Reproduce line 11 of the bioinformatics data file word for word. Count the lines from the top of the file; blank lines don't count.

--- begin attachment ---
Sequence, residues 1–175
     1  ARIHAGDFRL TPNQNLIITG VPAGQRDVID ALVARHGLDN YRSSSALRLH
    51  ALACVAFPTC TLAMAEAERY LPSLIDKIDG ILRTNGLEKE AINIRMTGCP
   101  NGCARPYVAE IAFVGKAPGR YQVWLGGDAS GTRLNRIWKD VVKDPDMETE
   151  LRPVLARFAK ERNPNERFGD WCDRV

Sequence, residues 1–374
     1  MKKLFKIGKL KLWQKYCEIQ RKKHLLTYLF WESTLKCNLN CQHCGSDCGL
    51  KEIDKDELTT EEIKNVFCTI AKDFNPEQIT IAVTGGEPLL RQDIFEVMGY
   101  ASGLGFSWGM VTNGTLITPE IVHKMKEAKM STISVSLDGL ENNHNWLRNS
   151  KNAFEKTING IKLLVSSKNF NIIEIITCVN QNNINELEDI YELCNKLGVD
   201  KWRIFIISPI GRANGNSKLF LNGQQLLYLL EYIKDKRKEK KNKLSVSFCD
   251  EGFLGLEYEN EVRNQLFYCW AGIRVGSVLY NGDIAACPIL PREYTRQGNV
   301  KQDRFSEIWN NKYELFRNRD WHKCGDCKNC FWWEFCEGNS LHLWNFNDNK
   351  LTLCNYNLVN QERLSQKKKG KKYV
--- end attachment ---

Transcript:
   201  KWRIFIISPI GRANGNSKLF LNGQQLLYLL EYIKDKRKEK KNKLSVSFCD